# What is the relationship between these two definitions of generating functions?

I'm doing my bachelor's thesis on Integrable Hamiltonian Systems, and one important part of the thesis will be proving the Liouville theorem. For this theorem I'm using the book by Arnold "Mathematical Methods of Classical Mechanics", but up to this point I've used the book by Ana Cannas "Lectures on symplectic geometry". The problem is: in the book by Ana Cannas, the equations that describe the symplectomorphism $$\varphi: T^*X:=M=(x,p)\rightarrow T^*Y:=N=(y,q)$$ that a generating function $$f$$ generates are the following (lecture 4).

\begin{align*} p_i= &\frac{\partial f}{\partial x_i}(x,y) \\ q_i=-&\frac{\partial f}{\partial y_i}(x,y) \end{align*} We have to solve this system of equations for the coordinates $$y_i$$ and $$q_i$$.

But according to Arnold's book (page 284, section 50 C), the equations that describe the symplectomorphism would be (using the aforementioned notation, not the one that Arnold uses)

\begin{align*} x_i=&\frac{\partial f}{\partial p_i} \\ q_i=&\frac{\partial f}{\partial y_i} \end{align*}

In the book by Ana Cannas, the generating function is defined as a function $$f \in C^\infty(X\times Y)$$ and that generates a closed form $$df$$, whose image is a lagrangian submanifold of $$T^*(X\times Y)$$ then we make the 'twist' of the submanifold, which must be a graph of a symplectomorphism... . If anyone can help me to understand how this relates to the view that Arnold has on generating functions it would be of great help, since I need this to understand the construction of action-angle variables.

It's a matter of what variables you use to locally parametrise the Lagrangian surface in $$T^*(X\times Y)$$. The general idea is this: suppose you have a symplectomorphism $$\psi:T^*X\to T^*Y$$, meaning $$\psi^*\omega_Y = \omega_X$$. One can interpret this condition geometrically by considering $$T^*(X\times Y)$$ with the symplectic form $$\omega := \omega_X-\omega_Y$$. Then the symplectic condition can be written $$(\mathrm{id}_{T^*X}\times\psi)^*\omega = 0,$$ or alternatively, that the image of $$\mathrm{id}_{T^*X}\times \psi:T^*X\to T^*(X\times Y)$$ forms a Lagrangian surface. Let's call this surface $$L$$, and let $$i_L:L\to T^*(X\times Y)$$ denote the inclusion map. So $$i_L^*\omega =0,$$ i.e. $$\omega = \omega_X-\omega_Y$$ restricted to $$L$$ vanishes.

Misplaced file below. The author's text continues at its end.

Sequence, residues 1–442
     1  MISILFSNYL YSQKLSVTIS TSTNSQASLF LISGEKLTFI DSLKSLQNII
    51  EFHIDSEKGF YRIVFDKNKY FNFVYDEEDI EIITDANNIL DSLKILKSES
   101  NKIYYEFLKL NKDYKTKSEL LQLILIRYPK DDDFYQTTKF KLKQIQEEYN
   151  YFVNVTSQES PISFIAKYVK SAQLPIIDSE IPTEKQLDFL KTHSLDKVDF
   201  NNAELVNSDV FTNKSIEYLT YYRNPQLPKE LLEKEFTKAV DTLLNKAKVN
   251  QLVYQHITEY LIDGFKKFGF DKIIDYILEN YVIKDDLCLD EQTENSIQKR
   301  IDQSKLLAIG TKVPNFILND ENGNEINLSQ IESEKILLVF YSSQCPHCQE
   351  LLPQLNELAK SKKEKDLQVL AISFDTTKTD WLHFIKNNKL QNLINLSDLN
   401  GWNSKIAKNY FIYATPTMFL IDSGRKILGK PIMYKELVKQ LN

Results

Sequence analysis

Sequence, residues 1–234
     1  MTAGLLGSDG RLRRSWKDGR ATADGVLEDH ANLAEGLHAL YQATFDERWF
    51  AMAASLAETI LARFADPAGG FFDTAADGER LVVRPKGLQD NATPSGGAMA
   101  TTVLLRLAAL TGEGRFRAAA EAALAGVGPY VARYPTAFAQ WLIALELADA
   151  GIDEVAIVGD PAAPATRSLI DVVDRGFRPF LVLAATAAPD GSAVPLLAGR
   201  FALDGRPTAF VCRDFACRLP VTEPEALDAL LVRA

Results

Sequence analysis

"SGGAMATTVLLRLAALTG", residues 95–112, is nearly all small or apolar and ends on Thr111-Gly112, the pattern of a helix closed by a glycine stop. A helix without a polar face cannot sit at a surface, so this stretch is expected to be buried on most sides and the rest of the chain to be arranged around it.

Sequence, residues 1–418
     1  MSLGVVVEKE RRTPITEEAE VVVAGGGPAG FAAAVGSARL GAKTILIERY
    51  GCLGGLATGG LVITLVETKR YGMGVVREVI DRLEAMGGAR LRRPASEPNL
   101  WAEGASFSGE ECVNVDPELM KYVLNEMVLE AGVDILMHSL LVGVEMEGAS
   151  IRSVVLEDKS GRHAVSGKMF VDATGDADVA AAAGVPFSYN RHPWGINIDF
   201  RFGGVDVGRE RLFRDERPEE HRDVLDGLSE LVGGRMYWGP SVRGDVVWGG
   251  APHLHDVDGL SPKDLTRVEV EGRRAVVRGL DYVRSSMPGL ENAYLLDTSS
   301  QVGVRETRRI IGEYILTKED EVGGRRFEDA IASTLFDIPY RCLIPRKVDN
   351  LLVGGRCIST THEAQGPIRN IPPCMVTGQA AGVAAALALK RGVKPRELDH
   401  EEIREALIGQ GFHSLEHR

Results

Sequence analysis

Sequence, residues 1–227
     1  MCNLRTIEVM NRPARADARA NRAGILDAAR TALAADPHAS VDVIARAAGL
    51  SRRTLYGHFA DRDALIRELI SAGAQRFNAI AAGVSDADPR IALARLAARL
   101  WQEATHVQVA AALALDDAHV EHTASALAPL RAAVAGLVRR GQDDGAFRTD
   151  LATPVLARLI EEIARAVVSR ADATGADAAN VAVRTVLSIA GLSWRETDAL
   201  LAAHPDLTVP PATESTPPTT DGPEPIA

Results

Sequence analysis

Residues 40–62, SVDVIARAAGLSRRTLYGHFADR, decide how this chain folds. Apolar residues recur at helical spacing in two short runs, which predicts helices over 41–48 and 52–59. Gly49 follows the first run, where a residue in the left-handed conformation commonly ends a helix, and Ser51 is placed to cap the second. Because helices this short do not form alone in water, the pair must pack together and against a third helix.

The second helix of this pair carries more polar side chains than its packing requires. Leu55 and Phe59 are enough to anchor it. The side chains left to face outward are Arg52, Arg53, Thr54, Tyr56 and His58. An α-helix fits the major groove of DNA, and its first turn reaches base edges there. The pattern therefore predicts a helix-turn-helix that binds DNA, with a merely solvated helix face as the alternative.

Now $$\omega_X = -d\Theta_X$$, where $$\Theta_X$$ is the canonical 1-form in $$T^*X$$ (given in coordinates by $$\sum_ip_idx^i$$), and similarly for $$\omega_Y$$. Then using the fact that pullbacks commute with $$d$$, we have that $$d(i_L^*(\Theta_X-\Theta_Y)) = 0.$$ If we just consider this equation in a simply connected subset of $$L$$ (where closed forms are exact), it implies that $$i_L^*(\Theta_X-\Theta_Y) = df \qquad (\ast)$$ for some function $$f:L\to \mathbb{R}$$ (actually, the domain is in general a subset of $$L$$, i.e. $$f$$ is only locally defined).
As we originally defined it, $$L$$ is a graph of $$\psi:T^*X\to T^*Y$$, and so can be parametrised by the coordinates $$(x,p)$$ of $$T^*X$$. But it may be possible to locally parametrise it by other pairs of coordinates, depending on how it lies within $$T^*(X\times Y)$$. Suppose we can parametrise it locally by coordinates $$(x,y)$$. Then $$(\ast)$$ becomes $$\sum_i(p_idx^i-q_idy^i) = df = \sum_i\left(\frac{\partial f}{\partial x^i}dx^i + \frac{\partial f}{\partial y^i}dy^i\right),$$ implying the symplectomorphism $$\psi$$ is determined by $$p_i = \frac{\partial f}{\partial x^i}, \quad q_i = -\frac{\partial f}{\partial y^i}.$$ This gives the coordinates $$p_i, q_i$$ as functions of $$x^i, y^i$$. These are Ana Cannas' equations.
Suppose instead we locally parametrise $$L$$ by coordinates $$(p,y)$$. Then $$(\ast)$$ gives $$\sum_i(-x^idp_i-q_idy^i) = d(f-\sum_i x^ip_i).$$ If we define $$g := -f+\sum_ix^ip_i$$, then this equation will give $$x^i = \frac{\partial g}{\partial p_i}, \qquad q_i = \frac{\partial g}{\partial y^i}.$$ This gives the coordinates $$x^i, q_i$$ as functions of $$p_i, y^i$$. These are Arnold's equations.